by Robin Kent, Director of European Operations, Adax
The Internet of Things (IoT) is being hailed as the next big thing in the tech world. The way in which we live our day-to-day lives will change forever when all of our products and devices become “connected” — that’s if we’re led to believe everything we see and hear. However, the market has somewhat slowed down. Equipment manufacturers continue to push the IoT line, but those who need to lay the infrastructure to ensure the phenomenon becomes a reality remain reserved. This hesitancy is highlighted through an industry report which found that a massive 86 per cent of service providers admit they are not ready for IoT and only a few are showing actual progress.
Despite this slow progress, IoT promises to heavily shape the telecoms industry. We’ve heard about the benefits IoT can bring, not just for consumers looking to build their connected homes and drive connected cars, but also in a range of different industries including healthcare, manufacturing, transportation, warehousing and retail. The demand to be consistently connected, and to digitally communicate with anything from another phone to a kettle, for example, highlights that this phenomenon is not going away anytime soon despite the slow uptake. Thus, the reliability of connections will become vital for the growth and success of the IoT revolution. Many are predicting that 5G will go some way to supporting the vast number of connections, but there are still likely to be problems with performance and reliability if the right solutions and network infrastructure aren’t implemented.
The huge scale of IoT adoption is a major challenge for network operators. Experts believe that network operators have the power to unlock the true capabilities of IoT, but speed is of the essence and the industry is frantically trying to keep up with end user demands and expectations. In light of this, a key problem that needs to be addressed is the protocols needed to run IoT applications.
If IoT is to truly take off and its full capabilities realized, operators must be prepared to maintain enough capacity in the core network, and more importantly, manage the connections to it without creating bottlenecks. Typically, GPRS Tunnelling Protocol (GTP) solutions have been able to handle up to 25-30,000 Packet Data Protocol (PDP) contexts per application, but operators now need to be looking towards coping with millions. By foreseeing this huge surge, operators can prepare appropriately rather than waiting for it turn up unexpectedly at their door.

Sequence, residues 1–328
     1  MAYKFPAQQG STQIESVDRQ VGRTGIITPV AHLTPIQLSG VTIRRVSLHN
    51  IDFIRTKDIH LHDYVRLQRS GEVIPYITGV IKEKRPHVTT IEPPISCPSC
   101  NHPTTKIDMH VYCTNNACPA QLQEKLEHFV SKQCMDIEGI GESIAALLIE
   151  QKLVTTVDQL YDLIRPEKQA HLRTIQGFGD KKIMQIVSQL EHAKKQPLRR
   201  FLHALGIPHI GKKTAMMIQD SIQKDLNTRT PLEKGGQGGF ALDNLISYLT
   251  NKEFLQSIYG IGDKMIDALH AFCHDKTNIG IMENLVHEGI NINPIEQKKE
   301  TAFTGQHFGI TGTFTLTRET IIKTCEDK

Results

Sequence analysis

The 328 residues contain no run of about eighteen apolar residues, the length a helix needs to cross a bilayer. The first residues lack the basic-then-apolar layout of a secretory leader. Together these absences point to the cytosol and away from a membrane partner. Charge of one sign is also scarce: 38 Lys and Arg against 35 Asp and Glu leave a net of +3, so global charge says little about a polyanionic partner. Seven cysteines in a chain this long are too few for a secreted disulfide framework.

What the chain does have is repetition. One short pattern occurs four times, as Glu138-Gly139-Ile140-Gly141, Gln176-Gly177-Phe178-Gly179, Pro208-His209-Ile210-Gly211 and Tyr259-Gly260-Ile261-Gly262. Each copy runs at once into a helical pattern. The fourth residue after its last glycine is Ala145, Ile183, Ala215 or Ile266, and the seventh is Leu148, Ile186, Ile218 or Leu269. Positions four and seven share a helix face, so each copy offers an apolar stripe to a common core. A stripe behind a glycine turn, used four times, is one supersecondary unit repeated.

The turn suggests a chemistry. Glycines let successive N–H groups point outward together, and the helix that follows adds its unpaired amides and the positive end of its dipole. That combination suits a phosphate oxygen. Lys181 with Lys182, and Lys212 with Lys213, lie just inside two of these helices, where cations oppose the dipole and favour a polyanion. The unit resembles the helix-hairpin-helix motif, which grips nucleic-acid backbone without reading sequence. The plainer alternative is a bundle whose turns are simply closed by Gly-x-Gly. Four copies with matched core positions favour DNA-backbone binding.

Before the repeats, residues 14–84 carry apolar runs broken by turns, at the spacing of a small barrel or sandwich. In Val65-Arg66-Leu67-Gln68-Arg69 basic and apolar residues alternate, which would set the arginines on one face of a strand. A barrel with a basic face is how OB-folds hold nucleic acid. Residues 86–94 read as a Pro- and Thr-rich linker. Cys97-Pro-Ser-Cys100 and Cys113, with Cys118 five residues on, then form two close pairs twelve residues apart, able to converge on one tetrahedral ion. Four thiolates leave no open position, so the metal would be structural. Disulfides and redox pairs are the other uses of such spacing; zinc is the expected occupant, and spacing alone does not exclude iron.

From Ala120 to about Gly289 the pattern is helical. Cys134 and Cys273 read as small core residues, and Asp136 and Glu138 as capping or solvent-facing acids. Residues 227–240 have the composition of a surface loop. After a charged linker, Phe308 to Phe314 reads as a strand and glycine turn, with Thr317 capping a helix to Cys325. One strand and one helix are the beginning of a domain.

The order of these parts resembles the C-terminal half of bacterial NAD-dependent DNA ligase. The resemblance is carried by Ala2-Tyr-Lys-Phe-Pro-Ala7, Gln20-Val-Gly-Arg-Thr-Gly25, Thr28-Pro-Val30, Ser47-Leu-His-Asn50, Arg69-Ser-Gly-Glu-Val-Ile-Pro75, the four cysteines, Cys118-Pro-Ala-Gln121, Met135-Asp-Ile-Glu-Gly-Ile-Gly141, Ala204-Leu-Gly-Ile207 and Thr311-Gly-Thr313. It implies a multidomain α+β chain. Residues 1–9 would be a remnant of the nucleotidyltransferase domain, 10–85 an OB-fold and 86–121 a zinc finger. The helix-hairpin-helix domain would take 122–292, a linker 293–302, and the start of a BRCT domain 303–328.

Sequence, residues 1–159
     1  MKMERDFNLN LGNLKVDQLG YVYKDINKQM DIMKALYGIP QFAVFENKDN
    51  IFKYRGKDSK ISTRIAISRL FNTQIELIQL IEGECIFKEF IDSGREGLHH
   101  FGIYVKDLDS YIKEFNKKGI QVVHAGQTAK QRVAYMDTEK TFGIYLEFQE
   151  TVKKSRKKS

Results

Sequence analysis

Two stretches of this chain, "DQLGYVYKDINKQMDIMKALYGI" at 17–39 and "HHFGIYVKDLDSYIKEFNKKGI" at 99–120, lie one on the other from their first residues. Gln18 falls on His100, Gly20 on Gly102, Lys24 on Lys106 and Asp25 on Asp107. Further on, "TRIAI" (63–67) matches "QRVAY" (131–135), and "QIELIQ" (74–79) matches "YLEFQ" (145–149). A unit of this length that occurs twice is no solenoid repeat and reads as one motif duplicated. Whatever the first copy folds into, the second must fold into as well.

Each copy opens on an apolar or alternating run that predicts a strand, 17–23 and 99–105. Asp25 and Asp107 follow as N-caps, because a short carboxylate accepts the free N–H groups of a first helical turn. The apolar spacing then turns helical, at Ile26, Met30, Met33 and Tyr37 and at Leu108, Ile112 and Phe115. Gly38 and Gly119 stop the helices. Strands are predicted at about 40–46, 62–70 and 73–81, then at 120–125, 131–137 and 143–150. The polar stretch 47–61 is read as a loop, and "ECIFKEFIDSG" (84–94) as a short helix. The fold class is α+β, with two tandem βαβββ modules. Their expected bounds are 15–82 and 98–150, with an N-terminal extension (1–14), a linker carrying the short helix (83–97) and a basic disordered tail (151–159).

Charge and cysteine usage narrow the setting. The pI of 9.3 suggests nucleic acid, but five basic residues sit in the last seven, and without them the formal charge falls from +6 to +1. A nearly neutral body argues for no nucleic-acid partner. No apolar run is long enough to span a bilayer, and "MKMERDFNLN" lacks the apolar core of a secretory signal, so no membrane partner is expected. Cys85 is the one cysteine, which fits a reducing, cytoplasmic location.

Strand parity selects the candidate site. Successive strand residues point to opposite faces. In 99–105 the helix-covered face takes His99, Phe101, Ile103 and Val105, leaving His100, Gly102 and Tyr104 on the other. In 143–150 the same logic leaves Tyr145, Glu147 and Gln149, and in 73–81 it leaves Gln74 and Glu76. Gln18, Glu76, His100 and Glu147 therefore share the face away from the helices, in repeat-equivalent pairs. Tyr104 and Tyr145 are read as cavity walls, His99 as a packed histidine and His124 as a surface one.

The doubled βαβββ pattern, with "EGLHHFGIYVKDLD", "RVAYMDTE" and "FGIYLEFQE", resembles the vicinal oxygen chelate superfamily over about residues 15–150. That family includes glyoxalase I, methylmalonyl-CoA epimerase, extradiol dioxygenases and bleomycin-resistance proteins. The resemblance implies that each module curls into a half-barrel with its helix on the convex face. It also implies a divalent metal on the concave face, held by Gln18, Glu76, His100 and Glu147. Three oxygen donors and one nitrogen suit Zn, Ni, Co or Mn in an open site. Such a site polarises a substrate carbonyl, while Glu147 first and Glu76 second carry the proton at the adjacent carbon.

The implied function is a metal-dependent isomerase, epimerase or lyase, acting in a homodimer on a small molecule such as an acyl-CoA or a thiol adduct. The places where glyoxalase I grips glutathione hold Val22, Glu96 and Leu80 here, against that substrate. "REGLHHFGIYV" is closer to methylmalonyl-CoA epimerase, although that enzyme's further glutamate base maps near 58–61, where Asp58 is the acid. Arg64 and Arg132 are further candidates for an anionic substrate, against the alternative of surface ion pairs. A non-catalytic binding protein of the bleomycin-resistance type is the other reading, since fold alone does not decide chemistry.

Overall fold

Operators need to consider a GTP solution that enables traffic capacity to be increased by accelerating data paths and removing bottlenecks, which in turn, accelerates the GTP tunnels and packet filtering. This results in higher performance and vastly improves QoS and Quality of Experience (QoE) for the end user. This bandwidth throttling or rate limiting is performed to guarantee QoS return on investment (ROI) via the efficient use of bandwidth.
Operators should also be prepared for the varying levels of service requirements across different applications. It’s when device numbers are massive; both the signaling and data plane throughout are dependent upon good performance from the GTP-U. The effective solution to low latency tolerance is a control plane issue and requires good GTP-C and most importantly, effective SCTP.
Another potential headache for mobile operators is that IoT has many additional security requirements, because of the nature of the endpoint devices and the potential high level of service criticality. In serving a high volume of devices, networks are exposed to signaling storms, and intentionally malicious denial of service attacks. Such attacks can have a serious detrimental impact on devices, and the quality of experience the end user expects and demands. In a bid to tackle such issues, operators should adhere to the GSMA’s IoT Security Guidelines for Network Operators.
These guidelines have been designed with the entire IoT ecosystem in mind, including device manufacturers, service providers, developers, and, where this topic of discussion is concerned, network operators. The GSMA describes the most fundamental security mechanisms as: identification and authentication of entities involved in the IoT service; access control to the different entities that need to be connected to create the service; data protection to guarantee the security and privacy of the information carried by the network for the IoT service; and the processes and mechanisms to ensure availability of network resources and protect them against attack.
It’s clear that IoT is only set to grow in popularity, so capacity and security must be an issue that operators address now or face falling behind competitors in delivering the high level of service customers have come to expect in the connected world. To ensure the capabilities of IoT can be embraced and implemented, network operators must take the lead and apply their own measures and protocols. An effective packet core needs to be dimensioned for cost-effective deployment and operations, but it should also be able to expand rapidly to maintain reliable performance as the number of users and devices keep growing.